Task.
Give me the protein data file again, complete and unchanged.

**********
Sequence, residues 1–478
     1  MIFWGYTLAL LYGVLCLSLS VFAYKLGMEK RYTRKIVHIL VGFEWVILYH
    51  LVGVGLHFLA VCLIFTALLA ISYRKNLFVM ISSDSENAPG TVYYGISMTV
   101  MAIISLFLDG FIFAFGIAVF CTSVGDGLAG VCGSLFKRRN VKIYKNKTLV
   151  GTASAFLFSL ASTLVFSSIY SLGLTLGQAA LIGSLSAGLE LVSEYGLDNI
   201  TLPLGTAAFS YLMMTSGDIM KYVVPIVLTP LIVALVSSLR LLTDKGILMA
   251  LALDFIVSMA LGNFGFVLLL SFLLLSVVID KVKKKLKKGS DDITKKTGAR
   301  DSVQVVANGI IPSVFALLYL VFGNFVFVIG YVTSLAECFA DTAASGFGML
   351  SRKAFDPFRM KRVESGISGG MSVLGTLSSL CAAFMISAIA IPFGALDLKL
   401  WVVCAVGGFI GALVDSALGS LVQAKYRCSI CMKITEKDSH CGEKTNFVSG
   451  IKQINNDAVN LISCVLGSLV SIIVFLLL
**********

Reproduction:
Sequence, residues 1–478
     1  MIFWGYTLAL LYGVLCLSLS VFAYKLGMEK RYTRKIVHIL VGFEWVILYH
    51  LVGVGLHFLA VCLIFTALLA ISYRKNLFVM ISSDSENAPG TVYYGISMTV
   101  MAIISLFLDG FIFAFGIAVF CTSVGDGLAG VCGSLFKRRN VKIYKNKTLV
   151  GTASAFLFSL ASTLVFSSIY SLGLTLGQAA LIGSLSAGLE LVSEYGLDNI
   201  TLPLGTAAFS YLMMTSGDIM KYVVPIVLTP LIVALVSSLR LLTDKGILMA
   251  LALDFIVSMA LGNFGFVLLL SFLLLSVVID KVKKKLKKGS DDITKKTGAR
   301  DSVQVVANGI IPSVFALLYL VFGNFVFVIG YVTSLAECFA DTAASGFGML
   351  SRKAFDPFRM KRVESGISGG MSVLGTLSSL CAAFMISAIA IPFGALDLKL
   401  WVVCAVGGFI GALVDSALGS LVQAKYRCSI CMKITEKDSH CGEKTNFVSG
   451  IKQINNDAVN LISCVLGSLV SIIVFLLL